I won’t rank them, although there are better and worse productions within this list. However, they all possess an unforgettable atmosphere, much like Fallout. For instance, “Mad Max 2” is one of the best road films blending post-apocalyptic drama with science fiction elements. It’s not just about the intricately constructed post-nuclear war world for $2 million but also the combination of elements that leave an indelible mark on the imagination—like Max’s attire and the Ford Falcon GT’s turbine, with Wez and Humungus lurking in the background. It’s akin to an ’80s BDSM club. Therefore, I will always return to this collection of delightful experiences. Perhaps, as a Fallout fan, I’ll reminisce about a ghoul character or a post-apocalyptic cowboy, or perhaps a peculiar conversation between Lucy and Maximus about an exploding penis in a mutant-filled crypt.

“The Last of Us”

the last of us hbo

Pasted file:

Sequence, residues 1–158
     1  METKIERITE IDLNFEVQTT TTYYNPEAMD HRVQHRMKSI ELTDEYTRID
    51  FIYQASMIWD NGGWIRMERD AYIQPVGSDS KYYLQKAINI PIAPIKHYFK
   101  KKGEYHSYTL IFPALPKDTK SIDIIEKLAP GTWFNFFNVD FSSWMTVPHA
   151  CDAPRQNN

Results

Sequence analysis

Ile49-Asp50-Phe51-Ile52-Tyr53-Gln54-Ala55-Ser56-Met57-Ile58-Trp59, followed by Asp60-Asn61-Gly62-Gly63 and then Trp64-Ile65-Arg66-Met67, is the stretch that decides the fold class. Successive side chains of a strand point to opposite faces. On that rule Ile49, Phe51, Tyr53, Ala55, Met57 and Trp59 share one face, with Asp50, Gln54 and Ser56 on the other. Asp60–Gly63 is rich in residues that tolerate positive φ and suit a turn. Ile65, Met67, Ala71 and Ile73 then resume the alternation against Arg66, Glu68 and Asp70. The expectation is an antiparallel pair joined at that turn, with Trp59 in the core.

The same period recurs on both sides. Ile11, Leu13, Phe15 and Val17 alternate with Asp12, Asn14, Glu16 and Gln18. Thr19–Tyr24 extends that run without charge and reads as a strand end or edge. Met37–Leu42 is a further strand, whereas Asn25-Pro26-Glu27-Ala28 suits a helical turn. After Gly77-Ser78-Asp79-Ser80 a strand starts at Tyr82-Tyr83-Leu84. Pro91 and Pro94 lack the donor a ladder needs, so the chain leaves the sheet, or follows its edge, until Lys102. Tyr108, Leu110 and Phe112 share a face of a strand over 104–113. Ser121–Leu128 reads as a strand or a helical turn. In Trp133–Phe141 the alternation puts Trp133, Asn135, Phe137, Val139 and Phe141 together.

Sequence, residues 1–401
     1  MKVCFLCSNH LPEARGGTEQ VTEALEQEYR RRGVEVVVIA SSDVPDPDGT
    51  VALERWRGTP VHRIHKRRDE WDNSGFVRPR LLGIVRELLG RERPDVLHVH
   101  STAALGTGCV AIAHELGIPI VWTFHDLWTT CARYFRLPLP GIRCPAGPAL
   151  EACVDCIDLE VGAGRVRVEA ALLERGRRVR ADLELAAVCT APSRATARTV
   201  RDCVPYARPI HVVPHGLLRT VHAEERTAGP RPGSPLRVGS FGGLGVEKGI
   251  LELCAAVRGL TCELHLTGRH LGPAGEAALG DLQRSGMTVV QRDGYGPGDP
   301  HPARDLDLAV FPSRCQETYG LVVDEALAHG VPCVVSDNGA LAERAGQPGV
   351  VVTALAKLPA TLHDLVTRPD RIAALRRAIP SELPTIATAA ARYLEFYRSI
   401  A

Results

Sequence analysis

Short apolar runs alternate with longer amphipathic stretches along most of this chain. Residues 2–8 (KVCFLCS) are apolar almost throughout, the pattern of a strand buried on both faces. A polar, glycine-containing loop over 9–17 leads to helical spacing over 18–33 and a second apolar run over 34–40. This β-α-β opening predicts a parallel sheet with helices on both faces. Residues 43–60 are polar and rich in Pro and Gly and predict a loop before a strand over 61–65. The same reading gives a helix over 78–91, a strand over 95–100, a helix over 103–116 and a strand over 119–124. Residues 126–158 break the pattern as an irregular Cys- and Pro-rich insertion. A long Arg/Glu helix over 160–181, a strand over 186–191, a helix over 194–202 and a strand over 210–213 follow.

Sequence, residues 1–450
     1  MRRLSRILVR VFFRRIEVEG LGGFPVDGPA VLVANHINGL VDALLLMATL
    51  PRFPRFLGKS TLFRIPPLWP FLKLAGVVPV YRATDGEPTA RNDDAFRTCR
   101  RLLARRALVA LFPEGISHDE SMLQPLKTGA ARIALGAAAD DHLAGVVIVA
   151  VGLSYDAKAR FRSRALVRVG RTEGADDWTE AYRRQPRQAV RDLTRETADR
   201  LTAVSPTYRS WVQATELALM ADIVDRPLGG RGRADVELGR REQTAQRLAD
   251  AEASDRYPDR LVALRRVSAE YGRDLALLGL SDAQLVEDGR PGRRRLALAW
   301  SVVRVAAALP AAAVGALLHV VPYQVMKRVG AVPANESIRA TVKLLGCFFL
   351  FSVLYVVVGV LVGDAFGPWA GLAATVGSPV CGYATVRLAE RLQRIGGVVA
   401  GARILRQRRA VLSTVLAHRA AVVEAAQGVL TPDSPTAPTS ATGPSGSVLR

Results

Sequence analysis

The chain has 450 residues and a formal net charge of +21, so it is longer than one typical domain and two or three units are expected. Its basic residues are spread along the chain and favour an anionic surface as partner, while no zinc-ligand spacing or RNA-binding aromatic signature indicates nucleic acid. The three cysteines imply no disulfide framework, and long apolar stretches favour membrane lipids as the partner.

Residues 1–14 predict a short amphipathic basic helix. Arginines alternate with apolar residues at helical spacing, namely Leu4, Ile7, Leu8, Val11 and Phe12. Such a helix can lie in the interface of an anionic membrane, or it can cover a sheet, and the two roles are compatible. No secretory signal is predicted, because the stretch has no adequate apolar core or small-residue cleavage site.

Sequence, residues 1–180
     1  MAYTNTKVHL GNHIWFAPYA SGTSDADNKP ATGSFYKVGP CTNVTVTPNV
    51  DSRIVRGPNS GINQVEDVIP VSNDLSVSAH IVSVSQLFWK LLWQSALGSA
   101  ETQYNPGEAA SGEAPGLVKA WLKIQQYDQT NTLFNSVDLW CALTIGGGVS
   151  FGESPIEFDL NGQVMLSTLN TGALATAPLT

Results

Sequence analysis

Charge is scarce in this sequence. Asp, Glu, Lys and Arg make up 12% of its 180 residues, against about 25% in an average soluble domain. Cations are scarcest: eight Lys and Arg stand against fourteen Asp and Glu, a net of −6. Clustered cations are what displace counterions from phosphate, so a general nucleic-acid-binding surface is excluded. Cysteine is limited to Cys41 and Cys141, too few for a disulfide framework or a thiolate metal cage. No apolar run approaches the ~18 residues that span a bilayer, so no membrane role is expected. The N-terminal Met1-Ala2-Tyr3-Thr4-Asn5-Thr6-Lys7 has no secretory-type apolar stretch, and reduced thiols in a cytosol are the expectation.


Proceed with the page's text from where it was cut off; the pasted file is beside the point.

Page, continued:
Fallout surpasses “The Last of Us” because it demythologizes and deconstructs the pop-cultural image of ghouls, whereas Pedro Pascal’s series is somewhat cliché, especially in terms of monsters. Nevertheless, it might still be enjoyable and resonate with our innate love for the post-apocalypse. So, why do we love post-apocalyptic cinema? On the one hand, it satisfies our curiosity about what the end might truly look like, and on the other, it familiarizes us with it, perhaps even teaching us how to cope if we survive. In post-apocalyptic cinema, we assume that something from our world will always remain—a vessel for new life. Therefore, we watch with hope that even in the face of the end of everything, we will endure. Moreover, we enjoy watching something rebuild, create, or even recreate from nothing. In both productions, we’ll also be fascinated by the journey of discovery and uncovering the causes of the apocalypse. “The Last of Us” falls short in this regard, being less creative and surprising. It’s interesting that when I watched this series before knowing about Fallout, I felt entirely different. However, I have no doubts that Pedro Pascal’s role in the series is crucial for his future career and emotionally resonant, drawing the viewer into this post-apocalyptic journey. Nevertheless, I question whether artistic merit in filmmaking lies in copying scenes from a game. There were decidedly too many copies, from which Fallout cleverly distanced itself by creating and interpreting, rather than executing creatively stale, template-like shots.